Toyota president Akio Toyoda has drawn a parallel between the changes happening in the company now to what happened when Toyota first came into existence.
Toyoda was speaking at a press conference to present the automaker’s financial results. He acknowledged the “many lessons that we learned” through the company’s partnerships with Subaru, BMW and Mazda.
The partnerships were part of the reason for Toyota adopting a new organisational structure. It was also a factor in the company’s decision to establish the Toyota Research Laboratory.
The changes do not stop there, however, says Toyoda, with more transformations in the pipeline.
Toyoda said in his speech: “I mentioned that our circumstances are likely to change in the future. This does not simply refer to changes in our short-term business environment and profits. It is also a fact that mobility itself is reaching a critical turning point.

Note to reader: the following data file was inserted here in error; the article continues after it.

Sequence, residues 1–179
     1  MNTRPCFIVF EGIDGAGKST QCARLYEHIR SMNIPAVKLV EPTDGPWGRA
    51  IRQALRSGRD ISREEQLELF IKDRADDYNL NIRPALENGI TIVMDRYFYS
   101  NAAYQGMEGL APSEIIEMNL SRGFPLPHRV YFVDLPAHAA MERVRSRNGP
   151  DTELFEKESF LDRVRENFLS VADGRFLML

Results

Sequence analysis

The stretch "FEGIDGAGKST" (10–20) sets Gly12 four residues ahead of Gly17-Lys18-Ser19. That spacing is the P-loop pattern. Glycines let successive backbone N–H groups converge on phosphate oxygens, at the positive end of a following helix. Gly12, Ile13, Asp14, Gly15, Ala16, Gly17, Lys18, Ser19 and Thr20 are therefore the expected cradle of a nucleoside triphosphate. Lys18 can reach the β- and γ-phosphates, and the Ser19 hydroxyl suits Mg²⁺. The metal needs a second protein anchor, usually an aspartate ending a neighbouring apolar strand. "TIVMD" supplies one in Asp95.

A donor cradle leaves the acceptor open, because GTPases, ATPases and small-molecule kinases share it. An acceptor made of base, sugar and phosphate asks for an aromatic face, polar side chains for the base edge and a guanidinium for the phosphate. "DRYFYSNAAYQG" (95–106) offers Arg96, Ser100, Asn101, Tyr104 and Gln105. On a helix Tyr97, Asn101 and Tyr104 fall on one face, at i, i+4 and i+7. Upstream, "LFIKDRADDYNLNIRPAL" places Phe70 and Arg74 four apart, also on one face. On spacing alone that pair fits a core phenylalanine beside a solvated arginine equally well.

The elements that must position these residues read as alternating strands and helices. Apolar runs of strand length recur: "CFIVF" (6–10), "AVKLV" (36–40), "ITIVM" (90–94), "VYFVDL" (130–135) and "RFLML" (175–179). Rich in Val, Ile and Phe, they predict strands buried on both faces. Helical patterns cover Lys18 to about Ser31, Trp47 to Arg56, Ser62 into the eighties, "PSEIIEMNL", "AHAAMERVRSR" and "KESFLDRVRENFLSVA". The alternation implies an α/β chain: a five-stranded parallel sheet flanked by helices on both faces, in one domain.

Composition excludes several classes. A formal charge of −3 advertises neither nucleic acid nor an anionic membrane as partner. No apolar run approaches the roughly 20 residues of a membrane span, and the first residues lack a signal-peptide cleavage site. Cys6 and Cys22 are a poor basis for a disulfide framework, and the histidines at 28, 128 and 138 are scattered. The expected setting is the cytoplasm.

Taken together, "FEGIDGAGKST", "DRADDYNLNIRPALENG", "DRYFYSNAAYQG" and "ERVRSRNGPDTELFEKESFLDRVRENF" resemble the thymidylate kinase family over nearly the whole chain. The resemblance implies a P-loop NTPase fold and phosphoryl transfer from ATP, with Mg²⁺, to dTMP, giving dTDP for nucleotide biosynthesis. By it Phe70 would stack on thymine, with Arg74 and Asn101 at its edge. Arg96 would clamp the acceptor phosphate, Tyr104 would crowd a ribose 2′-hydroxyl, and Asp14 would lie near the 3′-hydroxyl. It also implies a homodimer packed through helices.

“We want to embrace that momentous change, and actively work to create types of new value that cannot be generated within the boundaries of the conventional automotive business.
“The Toyota Research Institute, established in January this year, is one such initiative.
“For me, TRI is like the Automobile Department that Kiichiro Toyoda established within the Toyoda Automatic Loom Works, the predecessor of Toyota Motor Corporation, in 1930. Back then, he took on the challenge of making a substantial paradigm shift―going from building automatic looms to building cars. Together with TRI, we are creating the opportunity to make another fundamental change in our business model.
“Automated driving and robotics are challenges that affect us closely. However, artificial intelligence is a vital basic technology for many industries outside of the automotive industry as well.
“We are aiming to create new types of value that can contribute to society above and beyond the perceived scope of our own industry. We will support the activities of Dr. Gill Pratt, TRI’s CEO, and his team by providing the freedom to face these challenges.”